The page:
Kristina UN 2.jpg

Power for All CEO's Remarks at UN General Assembly's Global Stocktake on SDG 7 and Sustainable Energy

On Friday, April 19, 2024, Kristina Skierka, CEO of Power for All, spoke at the United Nations General Assembly. Her address was part of the global stocktaking event, marking the end of the UN Decade of Sustainable Energy for All. The event aimed to accelerate the implementation of Sustainable Development Goal 7 (SDG 7) under the 2030 Agenda for Sustainable Development. In her speech, Skierka advocated for improved policy and financial frameworks to speed up the adoption of distributed renewable energy, highlighting its effectiveness in advancing SDG 7 and related goals. Here is the full transcript of her comments:

Ministers, representatives, and colleagues, thank you for the opportunity to participate in the global stocktake discussions. I particularly want to recognize the United Nations and the United Nations Department of Economic and Social Affairs, as well as the SDG 7 Technical Advisory Group, for their meaningful contributions to the global effort to achieve universal energy access.

My name is Kristina Skierka, and I am the founder and CEO of Power for All, a global campaign focused on ending energy poverty by accelerating the adoption of decentralized renewable energy (DRE). Power for All is a multi-stakeholder coalition of more than 500 partners worldwide across the energy access ecosystem. Together, we are successfully transforming how energy is used, generated, and financed.

As a result of our collective effort, the sector—including mini-grids, rooftop solar, and productive uses in various economies, particularly in agriculture—is now delivering energy to more customers than any global utility. DRE has become a significant source of benefits, notably supporting Sustainable Development Goal 8. According to our Powering Jobs Census, DRE is generating more jobs than several national utilities in the Global South, with these jobs proving to be more resilient and offering more opportunities than those in the traditional energy sector.

To address the questions posed by the UN for today's discussion on ambition, scale, and cooperation, it is crucial that we examine the systemic biases that limit these elements. In today's opening remarks, there was scant recognition of the role that companies play in connecting hundreds of millions of people to sustainable energy. Although some comments from the floor acknowledged public-private collaboration—I appreciate, in particular, the remarks from the CEO of Renew Power—the critical role of the private sector in achieving universal energy access was largely overlooked.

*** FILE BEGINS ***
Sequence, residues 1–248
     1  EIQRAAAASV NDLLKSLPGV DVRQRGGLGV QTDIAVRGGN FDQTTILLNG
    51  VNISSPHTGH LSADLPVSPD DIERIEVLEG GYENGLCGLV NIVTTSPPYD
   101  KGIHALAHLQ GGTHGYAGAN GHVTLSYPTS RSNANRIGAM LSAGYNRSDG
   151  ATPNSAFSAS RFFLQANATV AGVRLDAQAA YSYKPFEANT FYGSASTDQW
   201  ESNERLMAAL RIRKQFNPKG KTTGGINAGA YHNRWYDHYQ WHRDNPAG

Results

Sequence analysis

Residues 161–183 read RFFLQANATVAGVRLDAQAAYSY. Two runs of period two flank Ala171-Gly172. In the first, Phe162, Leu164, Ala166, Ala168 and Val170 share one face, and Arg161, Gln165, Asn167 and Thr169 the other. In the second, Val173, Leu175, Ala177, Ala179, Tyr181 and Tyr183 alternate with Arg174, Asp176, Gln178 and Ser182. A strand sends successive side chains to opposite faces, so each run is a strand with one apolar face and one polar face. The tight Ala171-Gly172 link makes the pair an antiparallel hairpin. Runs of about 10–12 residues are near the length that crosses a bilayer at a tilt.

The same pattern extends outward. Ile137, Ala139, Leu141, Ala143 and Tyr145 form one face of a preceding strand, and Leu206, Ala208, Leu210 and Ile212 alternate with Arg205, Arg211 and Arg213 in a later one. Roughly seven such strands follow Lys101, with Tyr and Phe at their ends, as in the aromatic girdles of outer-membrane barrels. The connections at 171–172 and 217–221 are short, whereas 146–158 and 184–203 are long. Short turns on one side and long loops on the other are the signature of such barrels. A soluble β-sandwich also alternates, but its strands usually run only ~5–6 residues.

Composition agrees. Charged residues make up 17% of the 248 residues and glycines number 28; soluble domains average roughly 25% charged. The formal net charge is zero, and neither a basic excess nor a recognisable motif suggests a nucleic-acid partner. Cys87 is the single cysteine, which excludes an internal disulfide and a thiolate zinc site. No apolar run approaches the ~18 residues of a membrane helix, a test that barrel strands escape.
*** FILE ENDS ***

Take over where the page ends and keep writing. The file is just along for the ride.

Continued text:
It is vital that we recognize that both indigenous and international companies working toward universal access face a maze of regulations and disincentives, rather than simplicity and access to the same subsidies afforded to traditional approaches to energy and electrification. I believe that decision-makers and funders, including those present here and elsewhere, can do much more to enable the private sector to end energy poverty more quickly. For example, member nations should include centralized renewables in national energy plans, along with strategies for adjacent sectors affected by energy, such as agricultural transformation plans that incorporate access targets and carve out roles for decentralized renewables.

Member states can also aid the growth of the DRE sector by establishing clear, consistent paths for the installation of decentralized renewables and mechanisms for DRE to eventually integrate with the centralized grid, if that is how the market develops. Clear and consistent regulations for renewables are positively correlated with sector growth, and we cannot shy away from discussing subsidies, especially when acknowledging that DRE consistently outperforms traditional centralized generation in various areas, including the pace and reliability of connections.

Finally, at the global level, foundations, banks, and investors need to mobilize their resources. Between 2012 and 2019, donors committed a total of $1.6 billion to help scale the mini-grid sector in Africa, yet only 13% of that funding has been disbursed. It is imperative to ask whether it makes sense to maintain an uneven playing field that disincentivizes access and renewables when we need all hands on deck to tackle the most pressing issues of our time. Leveling this playing field will drive ambition, scale, cooperation, and help us achieve Power for All.

Thank you.

Share This Page: